Admit it. How many of you secretly enjoyed eating popcorn while watching the circus show the United Nations had become? Who can forget the performance given by Venezuela’s Hugo Chavez, which featured invocations of sulphurous smoke and the devil himself; or wily Yassir Arafat the gunslinger; or even the slightly more refined Nikita Kruschev, the shoe banger?
Despite the passing of those three, and the sartorial splendor of Muammar Gaddafi joining the others in clown heaven, or elsewhere, the U.N. is back in the entertainment business.
The international body has chosen the Islamic Republic of Iran as rapporteur of the U.N. Disarmament and International Security Committee. While it is true that the rapporteur is not the same as the chairman, it is still a leadership position with a seat on the dais of this 193 member committee. The position also has enough teeth to cause problems.
The rapporteur of a U.N. committee is responsible for various written documents produced by the committee, it maintains the speakers list, is in charge of the roll call and has responsibility for other administrative tasks.
One should first ask how it is possible that Iran is even a member of the committee which oversees all international security matters within the purview of the U.N. Charter.
Here’s something that should tickle the irony bone of all readers. This committee oversees “the general principles of cooperation in the maintenance of international peace and security, as well as principles governing disarmament and the regulation of armaments; promotion of cooperative arrangements and measures aimed at strengthening stability through lower levels of armaments.”
How many years has it been that the International Atomic Energy Agency inspectors were led down endless hallways leading to shut doors in their quest to uncover Iran’s efforts to develop nuclear weapons? And the guys who slam shut, lock the door and throw away the keys are among those in charge of those inspections? Actually, this farce is at least as good as anything Chavez ever did. But far more dangerous.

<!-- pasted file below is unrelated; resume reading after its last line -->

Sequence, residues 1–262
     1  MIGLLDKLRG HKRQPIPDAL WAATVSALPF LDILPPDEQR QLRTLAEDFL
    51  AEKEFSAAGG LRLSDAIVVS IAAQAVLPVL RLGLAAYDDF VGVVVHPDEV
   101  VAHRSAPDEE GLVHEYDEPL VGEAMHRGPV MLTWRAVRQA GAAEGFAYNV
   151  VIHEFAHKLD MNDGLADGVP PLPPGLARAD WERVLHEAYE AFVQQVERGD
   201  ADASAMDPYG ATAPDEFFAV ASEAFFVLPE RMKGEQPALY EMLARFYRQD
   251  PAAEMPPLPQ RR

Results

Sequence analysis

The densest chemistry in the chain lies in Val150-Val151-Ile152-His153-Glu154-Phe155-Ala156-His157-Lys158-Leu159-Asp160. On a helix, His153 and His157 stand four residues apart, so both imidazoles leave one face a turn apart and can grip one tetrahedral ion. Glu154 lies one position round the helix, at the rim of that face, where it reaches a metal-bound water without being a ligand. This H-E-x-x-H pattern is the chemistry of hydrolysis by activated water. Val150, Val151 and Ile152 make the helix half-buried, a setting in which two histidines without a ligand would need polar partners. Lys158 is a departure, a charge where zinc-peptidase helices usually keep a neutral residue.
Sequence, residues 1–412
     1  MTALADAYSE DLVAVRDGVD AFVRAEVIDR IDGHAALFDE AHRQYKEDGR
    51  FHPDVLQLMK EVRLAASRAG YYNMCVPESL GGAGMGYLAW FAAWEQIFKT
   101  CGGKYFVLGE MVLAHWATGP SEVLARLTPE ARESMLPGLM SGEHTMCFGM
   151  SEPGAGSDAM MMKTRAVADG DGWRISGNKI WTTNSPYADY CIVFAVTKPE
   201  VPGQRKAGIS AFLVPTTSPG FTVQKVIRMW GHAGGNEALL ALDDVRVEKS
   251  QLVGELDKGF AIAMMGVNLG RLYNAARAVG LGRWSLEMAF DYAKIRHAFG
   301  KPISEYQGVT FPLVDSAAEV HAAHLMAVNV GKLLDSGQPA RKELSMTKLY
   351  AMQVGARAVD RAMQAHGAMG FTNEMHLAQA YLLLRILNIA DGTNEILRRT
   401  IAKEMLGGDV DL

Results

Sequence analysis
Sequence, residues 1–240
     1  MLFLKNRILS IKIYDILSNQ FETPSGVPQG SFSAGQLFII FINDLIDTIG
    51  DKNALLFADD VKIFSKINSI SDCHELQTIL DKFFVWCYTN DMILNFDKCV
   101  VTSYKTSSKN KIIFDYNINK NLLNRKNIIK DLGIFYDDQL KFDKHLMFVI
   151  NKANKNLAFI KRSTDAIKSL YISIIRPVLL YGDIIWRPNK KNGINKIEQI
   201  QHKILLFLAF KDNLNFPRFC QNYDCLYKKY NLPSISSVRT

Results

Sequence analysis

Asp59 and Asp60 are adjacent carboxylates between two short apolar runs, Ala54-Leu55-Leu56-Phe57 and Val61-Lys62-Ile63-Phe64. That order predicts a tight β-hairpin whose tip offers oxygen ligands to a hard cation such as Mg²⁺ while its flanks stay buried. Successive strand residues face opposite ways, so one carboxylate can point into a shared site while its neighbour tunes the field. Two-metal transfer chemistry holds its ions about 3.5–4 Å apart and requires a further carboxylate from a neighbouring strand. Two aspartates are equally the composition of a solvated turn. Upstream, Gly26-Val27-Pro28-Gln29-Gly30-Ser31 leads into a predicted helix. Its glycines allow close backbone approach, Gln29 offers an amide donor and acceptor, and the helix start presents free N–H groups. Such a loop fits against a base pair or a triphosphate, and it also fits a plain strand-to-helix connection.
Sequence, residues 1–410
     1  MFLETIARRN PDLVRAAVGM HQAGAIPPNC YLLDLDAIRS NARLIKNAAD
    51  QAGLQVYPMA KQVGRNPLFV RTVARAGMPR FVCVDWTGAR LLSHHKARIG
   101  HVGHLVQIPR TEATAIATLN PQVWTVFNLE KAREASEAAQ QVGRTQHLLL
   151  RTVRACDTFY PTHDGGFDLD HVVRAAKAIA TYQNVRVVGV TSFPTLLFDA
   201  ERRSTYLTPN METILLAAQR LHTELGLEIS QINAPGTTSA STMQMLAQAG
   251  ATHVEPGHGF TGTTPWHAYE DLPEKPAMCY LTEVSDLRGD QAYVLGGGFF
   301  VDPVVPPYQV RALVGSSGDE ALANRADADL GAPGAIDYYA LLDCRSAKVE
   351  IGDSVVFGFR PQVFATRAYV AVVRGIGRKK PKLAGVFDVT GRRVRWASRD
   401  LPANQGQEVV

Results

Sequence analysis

“Allowing Iran to be on the U.N. committee dealing with nuclear disarmament and weapons proliferation is like inviting Assad, the Syrian dictator responsible for the death of 100,000 of his own people, to be the head of the population census bureau,” Israeli U.N. Ambassador Ron Prosor said last month in response to Iran’s initial bid to become the rapporteur of the U.N. committee.
HOW UN COMMITTEE LEADERSHIP IS SELECTED
How is this possible? Here is the how U.N. committees are constructed.
There are six main U.N. committees, the Disarmament and International Security Committee being the First Committee. Any member of the U.N. is eligible for membership on any committee. The members choose a chairman before the U.N. session begins, and then the members chose three vice-chairmen and a rapporteur. Any committee member (other than special technicians or experts who do not represent member nations) is eligible to hold any of these positions.
Although the rules provide that “These officers shall be elected on the basis of equitable geographical distribution, experience and personal competence,” the elections are held by secret ballot. There’s the problem right there.
And Rule 111 is a tad alarming. It provides that the chairman as well as the rapporteur of a committee “may be accorded precedence for the purpose of explaining the conclusions arrived at by their committee.”
Some may take cold comfort that at least Iran was not chosen as the chairman of the Disarmament Committee. Don’t. Committee chairmen do not have a vote; rapporteurs do.
SELECTION SEEN AS INSULT TO ISRAEL
The selection of Iran in this official capacity, on the heels of the Israeli Prime Minister’s two public appearances forcefully laying out the existential dangers and fundamental untrustworthiness of Iran must be considered a slap in the face. One minor mitigating factor is that the only other nominee for the position was Kuwait, not exactly a model of best behavior, but also a country not engaged in a race to destroy first the Jews and then the rest of the kuffar.
It was no surprise that the BBC represented its version of a report card on Netanyahu’s speeches, concluding that most Israeli newspapers and all the Iranian media gave him failing grades. “Iranian media criticized the speech as “Iranophobic” while some Israeli newspapers found it unconvincing.” Thanks, guys. No popcorn for you.Lori Lowenthal Marcus
About the Author: Lori Lowenthal Marcus is the U.S. correspondent for The Jewish Press. A graduate of Harvard Law School, she previously practiced First Amendment law and taught in Philadelphia-area graduate and law schools. You can reach her by email: Lori@JewishPressOnline.com
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